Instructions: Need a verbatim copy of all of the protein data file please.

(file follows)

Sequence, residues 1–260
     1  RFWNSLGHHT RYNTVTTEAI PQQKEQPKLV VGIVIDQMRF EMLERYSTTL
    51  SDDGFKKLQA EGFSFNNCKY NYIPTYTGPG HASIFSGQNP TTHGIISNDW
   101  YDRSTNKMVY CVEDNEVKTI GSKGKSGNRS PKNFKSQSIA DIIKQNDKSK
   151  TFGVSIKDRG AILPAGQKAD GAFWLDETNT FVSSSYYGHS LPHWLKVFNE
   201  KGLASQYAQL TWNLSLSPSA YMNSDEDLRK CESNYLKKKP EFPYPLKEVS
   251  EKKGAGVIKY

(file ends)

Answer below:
Sequence, residues 1–260
     1  RFWNSLGHHT RYNTVTTEAI PQQKEQPKLV VGIVIDQMRF EMLERYSTTL
    51  SDDGFKKLQA EGFSFNNCKY NYIPTYTGPG HASIFSGQNP TTHGIISNDW
   101  YDRSTNKMVY CVEDNEVKTI GSKGKSGNRS PKNFKSQSIA DIIKQNDKSK
   151  TFGVSIKDRG AILPAGQKAD GAFWLDETNT FVSSSYYGHS LPHWLKVFNE
   201  KGLASQYAQL TWNLSLSPSA YMNSDEDLRK CESNYLKKKP EFPYPLKEVS
   251  EKKGAGVIKY